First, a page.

Boston, Mass. – First Wind, an independent U.S.-based renewable energy company, announced that students from sixteen high schools across the country will be awarded scholarships through the company’s signature First Wind Scholars program. The 2013 recipients were selected from a record number of applicants and represented project host communities in Hawaii, Maine, New York, Utah, Vermont and Washington. A total of $65,000 in scholarship dollars will be committed.
The First Wind Scholars program, now in its fourth year, offers one-time, $3,000 college scholarships to high school seniors in communities where the company has a project in operation, construction or in an advanced stage of development. Students must display strong potential for a successful post-secondary experience, as well as interest in pursuing studies focused on the environment, energy or the sciences. One $5,000 scholarship, renewable for four years, is awarded to a stand-out applicant from the competitive pool. This year’s recipient of the cumulative $20,000 scholarship is Rysen Otomo from Wailuku, Hawaii, near the Kaheawa Wind project. Rysen plans to attend Stanford University in the fall.
“Our scholarship award program has gained momentum over the years and this year we couldn¹t be happier to have received a record number of applications from exceptional high school students in the communities where we develop and operate wind projects,” said Carol Grant, Senior Vice President of External Affairs for First Wind. “This is truly an investment in our future and we look forward to seeing the advancements made by these future energy, environment, science and technology leaders.”
First Wind owns and operates three projects in Hawaii. This year’s recipients from Hawaii include the following four students:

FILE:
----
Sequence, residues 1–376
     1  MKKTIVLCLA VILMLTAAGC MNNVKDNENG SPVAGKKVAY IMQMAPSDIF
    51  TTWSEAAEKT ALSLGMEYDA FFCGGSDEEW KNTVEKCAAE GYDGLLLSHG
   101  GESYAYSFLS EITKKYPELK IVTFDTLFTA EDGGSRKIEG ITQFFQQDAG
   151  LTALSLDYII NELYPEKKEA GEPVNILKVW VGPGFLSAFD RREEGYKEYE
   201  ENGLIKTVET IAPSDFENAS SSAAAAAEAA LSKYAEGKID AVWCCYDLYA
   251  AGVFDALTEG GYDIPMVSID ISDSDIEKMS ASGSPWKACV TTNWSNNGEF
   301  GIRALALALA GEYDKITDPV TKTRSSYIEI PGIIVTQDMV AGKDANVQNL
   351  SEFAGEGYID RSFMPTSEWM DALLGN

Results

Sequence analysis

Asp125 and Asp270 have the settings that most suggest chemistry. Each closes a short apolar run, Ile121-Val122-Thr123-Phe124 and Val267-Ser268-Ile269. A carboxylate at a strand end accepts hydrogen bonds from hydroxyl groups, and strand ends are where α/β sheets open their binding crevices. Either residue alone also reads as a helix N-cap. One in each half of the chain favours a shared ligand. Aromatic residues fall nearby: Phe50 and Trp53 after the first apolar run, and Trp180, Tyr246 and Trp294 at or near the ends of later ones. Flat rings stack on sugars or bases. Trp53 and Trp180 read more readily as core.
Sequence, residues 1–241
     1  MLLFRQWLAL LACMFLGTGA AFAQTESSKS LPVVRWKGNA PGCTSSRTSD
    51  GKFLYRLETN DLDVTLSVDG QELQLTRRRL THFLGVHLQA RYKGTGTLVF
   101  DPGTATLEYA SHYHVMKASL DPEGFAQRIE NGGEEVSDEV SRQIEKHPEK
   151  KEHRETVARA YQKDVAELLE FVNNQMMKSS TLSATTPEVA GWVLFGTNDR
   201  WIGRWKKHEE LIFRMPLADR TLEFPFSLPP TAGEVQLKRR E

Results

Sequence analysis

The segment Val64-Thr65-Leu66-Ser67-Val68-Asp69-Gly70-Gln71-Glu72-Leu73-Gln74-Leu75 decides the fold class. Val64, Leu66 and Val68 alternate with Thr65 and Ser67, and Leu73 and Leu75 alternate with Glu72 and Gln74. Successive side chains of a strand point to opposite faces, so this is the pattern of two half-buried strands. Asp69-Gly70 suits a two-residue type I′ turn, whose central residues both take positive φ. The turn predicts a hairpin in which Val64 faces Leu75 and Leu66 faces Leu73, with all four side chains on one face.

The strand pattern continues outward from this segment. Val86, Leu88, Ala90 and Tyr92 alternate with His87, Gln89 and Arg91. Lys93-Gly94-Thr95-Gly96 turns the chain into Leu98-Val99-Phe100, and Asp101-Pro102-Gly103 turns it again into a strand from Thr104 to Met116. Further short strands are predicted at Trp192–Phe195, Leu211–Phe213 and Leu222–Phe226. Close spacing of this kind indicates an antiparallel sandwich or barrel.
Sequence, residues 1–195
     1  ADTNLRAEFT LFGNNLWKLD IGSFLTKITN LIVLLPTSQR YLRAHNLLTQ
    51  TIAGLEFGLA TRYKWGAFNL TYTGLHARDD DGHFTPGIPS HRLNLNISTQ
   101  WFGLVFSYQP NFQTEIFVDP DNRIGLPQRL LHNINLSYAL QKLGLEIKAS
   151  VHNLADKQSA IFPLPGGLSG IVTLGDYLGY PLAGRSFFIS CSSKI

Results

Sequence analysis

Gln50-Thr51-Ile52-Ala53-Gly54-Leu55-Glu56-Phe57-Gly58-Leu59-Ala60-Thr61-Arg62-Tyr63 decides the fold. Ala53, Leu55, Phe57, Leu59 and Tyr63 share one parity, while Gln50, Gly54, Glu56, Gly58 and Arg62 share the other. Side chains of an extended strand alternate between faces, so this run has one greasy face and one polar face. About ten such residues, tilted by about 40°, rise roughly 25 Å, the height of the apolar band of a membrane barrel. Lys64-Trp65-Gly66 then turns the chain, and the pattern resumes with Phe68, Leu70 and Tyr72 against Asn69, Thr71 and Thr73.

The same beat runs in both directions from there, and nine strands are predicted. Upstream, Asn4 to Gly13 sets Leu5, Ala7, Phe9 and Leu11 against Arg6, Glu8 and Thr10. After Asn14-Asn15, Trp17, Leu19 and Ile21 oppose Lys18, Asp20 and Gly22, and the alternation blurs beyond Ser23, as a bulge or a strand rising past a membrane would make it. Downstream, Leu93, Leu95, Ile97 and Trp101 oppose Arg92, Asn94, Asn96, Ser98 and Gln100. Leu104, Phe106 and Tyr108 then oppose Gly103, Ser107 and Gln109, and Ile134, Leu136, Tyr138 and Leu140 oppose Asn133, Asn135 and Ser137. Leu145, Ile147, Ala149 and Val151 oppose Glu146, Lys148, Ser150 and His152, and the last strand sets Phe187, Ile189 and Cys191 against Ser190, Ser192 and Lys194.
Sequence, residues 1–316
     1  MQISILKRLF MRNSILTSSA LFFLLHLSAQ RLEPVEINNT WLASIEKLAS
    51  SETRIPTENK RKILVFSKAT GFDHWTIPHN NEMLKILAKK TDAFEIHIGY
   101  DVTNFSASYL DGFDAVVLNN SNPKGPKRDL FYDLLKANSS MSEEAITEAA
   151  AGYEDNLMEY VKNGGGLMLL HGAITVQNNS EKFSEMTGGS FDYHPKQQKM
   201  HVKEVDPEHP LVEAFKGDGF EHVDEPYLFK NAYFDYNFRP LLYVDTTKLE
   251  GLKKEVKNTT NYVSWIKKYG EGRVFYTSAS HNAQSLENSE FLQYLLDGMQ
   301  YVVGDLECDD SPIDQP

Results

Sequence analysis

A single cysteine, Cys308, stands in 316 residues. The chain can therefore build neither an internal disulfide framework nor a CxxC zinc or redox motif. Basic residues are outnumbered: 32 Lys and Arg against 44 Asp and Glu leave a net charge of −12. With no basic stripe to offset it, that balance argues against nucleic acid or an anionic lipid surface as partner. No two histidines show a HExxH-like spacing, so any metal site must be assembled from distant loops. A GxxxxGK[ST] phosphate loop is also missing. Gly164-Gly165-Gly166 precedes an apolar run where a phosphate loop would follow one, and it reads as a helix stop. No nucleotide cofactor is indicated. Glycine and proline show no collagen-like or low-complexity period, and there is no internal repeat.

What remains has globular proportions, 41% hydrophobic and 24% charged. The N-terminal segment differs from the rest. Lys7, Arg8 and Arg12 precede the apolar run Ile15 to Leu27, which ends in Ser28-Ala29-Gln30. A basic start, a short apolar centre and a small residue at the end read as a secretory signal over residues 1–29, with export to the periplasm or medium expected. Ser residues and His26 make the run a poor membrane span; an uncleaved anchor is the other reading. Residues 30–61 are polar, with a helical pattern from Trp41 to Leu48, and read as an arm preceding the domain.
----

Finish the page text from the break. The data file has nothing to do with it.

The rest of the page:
- Sarina Kong of Kahului attended Kamehameha Schools Maui and is enrolled at Santa Clara University in Santa Clara, CA where she will pursue a degree in Biology. She lives near the Kaheawa Wind I & II project.
- Rysen Otomo from Wailuku and a graduate of Baldwin High School, will receive the First Wind Scholars renewable $5,000 award to pursue a degree in Engineering from Stanford University. Rysen also lives near the Kaheawa Wind I & II projects.
- Kamakani Richeson, a graduate of Kahuku High School, has been accepted to Santa Monica College where she will study Environmental Science. She resides near the Kahuku Wind project.
- Theresa Tasani of Wahiawa, a student of Leilehua High School, will attend University of Hawaii at Manoa and will major in Biology. She lives near the Kawailoa Wind project.
First Wind owns and operates five projects in Maine. The company is developing additional projects in the state, including a project in Oakfield. As part of the 2013 program, First Wind awarded scholarships to five Maine high school seniors:
- Brandon Bourgoin of Lee, a graduate of Lee Academy, will attend the University of Maine as a Biology major. Brandon lives near the Rollins Wind project.